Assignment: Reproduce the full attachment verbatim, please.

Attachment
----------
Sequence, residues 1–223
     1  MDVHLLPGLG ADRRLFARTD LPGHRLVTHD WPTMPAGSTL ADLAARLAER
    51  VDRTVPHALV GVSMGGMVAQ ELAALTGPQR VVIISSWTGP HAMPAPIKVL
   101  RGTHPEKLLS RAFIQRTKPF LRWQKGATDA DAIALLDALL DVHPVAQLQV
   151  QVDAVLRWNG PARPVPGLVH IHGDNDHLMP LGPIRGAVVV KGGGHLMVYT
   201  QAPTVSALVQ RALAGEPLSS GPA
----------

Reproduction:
Sequence, residues 1–223
     1  MDVHLLPGLG ADRRLFARTD LPGHRLVTHD WPTMPAGSTL ADLAARLAER
    51  VDRTVPHALV GVSMGGMVAQ ELAALTGPQR VVIISSWTGP HAMPAPIKVL
   101  RGTHPEKLLS RAFIQRTKPF LRWQKGATDA DAIALLDALL DVHPVAQLQV
   151  QVDAVLRWNG PARPVPGLVH IHGDNDHLMP LGPIRGAVVV KGGGHLMVYT
   201  QAPTVSALVQ RALAGEPLSS GPA